We reap what we sow

The scenes of violence in our streets will be shown around the world. Are we exalting the Name of God?

Dr. Devorah Ungar ,

המחאה בבני ברק
המחאה בבני ברק
איתן אלחדז/TPS

“When despair for the world grows in me

and I wake in the night at the least sound

in fear of what my life and my children’s life may be

I go and lie down where the wood drake

rests in his beauty on the water, and the great heron feeds.

I come into the peace of wild things

who do not tax their lives with forethought

of grief. I come into the presence of still water.

And I feel above me the day-blind stars

waiting with their light. For a time

I rest in the grace of the world, and am free.” (Wendell Berry)

The wildness of nature. The great heron who simply feeds. The wood drake who simply exists in the beauty of his drake-ness. The stars which shine, and mirror the glory of the heavens, wordlessly, through their sparkle.

The birds who sing, just because they are singing. Just because they are birds. Because it is daytime, and that is what they do.

As that lovely morning, when I sat in the garden, listening to the singing of the birds in the lush foliage of flowering trees. “What are they saying?” asked my grandchild. “Nishmat kol chai t’varech et shimcha” I answered him.

“The soul of every living being shall bless Your name, Lord our God; and the spirit of all flesh shall always glorify and exalt Your remembrance, our King….”.

Would that we also could live in that fashion. Of just living. Of just being. Of just glorifying the Creator of the World by our sheer existence.

But we, Man, apparently do not have that destiny. Of living our lives just for the simple sake of Life itself. We as Man have a sense that our lives have a different quality to them than that of existence for the pure sake of existence. For each person on an individual level, for society as a group, there is something other than mere existence, mere waking in the morning and enjoying the blessings of sunshine, the feel of the breeze, that gives us fulfillment in our lives. That gives us a sense of Why we are Alive. That gives us a sense of meaning, of purpose, of gratification in our lives. We have a higher purpose in life.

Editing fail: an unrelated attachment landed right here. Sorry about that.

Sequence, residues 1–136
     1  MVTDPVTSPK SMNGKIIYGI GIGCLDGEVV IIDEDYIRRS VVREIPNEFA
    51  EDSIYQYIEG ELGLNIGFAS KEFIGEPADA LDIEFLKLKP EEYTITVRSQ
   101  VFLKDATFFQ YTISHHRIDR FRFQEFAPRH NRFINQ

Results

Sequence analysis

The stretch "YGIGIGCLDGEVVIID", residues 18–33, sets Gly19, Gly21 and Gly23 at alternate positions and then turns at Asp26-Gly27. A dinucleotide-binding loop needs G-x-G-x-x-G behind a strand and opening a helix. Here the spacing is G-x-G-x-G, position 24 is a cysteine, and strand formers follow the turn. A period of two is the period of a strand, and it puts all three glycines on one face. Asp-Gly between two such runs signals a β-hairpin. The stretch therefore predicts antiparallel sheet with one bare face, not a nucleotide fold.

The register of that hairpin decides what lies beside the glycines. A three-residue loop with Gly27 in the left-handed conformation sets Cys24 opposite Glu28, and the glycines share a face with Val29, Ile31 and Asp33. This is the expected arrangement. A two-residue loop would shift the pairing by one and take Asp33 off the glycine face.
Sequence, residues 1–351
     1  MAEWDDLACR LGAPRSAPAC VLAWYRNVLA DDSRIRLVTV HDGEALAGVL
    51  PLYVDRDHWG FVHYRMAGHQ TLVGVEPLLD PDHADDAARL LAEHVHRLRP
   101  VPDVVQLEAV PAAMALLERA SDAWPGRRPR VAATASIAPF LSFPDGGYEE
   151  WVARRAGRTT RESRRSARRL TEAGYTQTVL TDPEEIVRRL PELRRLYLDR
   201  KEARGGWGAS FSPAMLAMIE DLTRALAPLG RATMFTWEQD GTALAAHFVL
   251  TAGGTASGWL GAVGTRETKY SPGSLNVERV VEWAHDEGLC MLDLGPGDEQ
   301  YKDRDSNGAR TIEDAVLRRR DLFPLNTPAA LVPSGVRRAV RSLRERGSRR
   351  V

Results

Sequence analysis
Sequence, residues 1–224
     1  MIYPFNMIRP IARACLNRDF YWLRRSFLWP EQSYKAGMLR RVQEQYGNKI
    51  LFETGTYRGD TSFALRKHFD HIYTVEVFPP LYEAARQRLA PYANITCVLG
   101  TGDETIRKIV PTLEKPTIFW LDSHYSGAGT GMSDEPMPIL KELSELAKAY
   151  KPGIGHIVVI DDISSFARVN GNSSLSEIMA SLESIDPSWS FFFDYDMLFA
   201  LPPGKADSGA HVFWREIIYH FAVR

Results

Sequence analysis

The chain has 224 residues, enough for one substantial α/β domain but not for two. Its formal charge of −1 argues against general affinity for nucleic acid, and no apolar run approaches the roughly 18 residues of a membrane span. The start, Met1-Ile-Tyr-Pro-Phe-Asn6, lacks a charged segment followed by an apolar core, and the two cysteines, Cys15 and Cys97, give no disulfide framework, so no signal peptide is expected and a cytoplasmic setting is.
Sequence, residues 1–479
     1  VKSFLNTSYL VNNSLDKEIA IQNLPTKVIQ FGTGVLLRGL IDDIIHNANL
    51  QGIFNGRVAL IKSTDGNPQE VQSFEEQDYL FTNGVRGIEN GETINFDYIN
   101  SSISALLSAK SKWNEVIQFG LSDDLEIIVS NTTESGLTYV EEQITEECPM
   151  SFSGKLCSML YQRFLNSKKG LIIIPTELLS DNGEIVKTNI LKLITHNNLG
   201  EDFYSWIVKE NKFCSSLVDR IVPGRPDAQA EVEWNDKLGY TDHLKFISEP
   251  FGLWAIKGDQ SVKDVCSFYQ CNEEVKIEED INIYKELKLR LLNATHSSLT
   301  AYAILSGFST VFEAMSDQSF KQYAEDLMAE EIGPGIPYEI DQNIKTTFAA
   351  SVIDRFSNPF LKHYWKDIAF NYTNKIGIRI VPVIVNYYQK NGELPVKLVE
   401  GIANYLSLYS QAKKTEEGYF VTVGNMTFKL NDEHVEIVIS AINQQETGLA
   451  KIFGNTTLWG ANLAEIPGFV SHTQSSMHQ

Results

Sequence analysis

Deprive man of that aspect in his life, of that Higher Purpose, and his life becomes meaningless, worthless, perhaps even ‘lifeless’.

Tragically, we have been witness to aspects of this phenomenon now for an entire year. Both on the individual level, and on the national level. Perhaps even on the global level. This past year’s sudden smashing of life as we once knew it, has caused each of us to reevaluate. Actually, what is Life? What is it that gives life its meaning? For what am I waking in the morning? For the voice of my child, for the upcoming zoom-chat, for the hope of a prayer, for the sound of music, for the wonder of life itself, for the opportunity to give thanks this morning to God for Life….? For each one of us, the answer is unique.

But, as growing protests in the street demonstrate, take away from man the reason for which he feels he lives, and you are taking away his very life.

The recent violent clashes between some of the haredi sector in Israel and the police as to the issue of opening schools, may be a tragic example of this essential principle.

I personally am shocked by the scenes of the past few days. As if a bucket of ice-cold water has been thrown upon me in the middle of an otherwise cloudy, but dry day. Scenes of violence between haredi-religious and police in the cities of Jerusalem, Bnai Brak, Ashdod. Religious men violently attacking police, their fellow brothers, with shouts and stones. Police advancing in large force accompanied by the sound of screams and stun-grenades.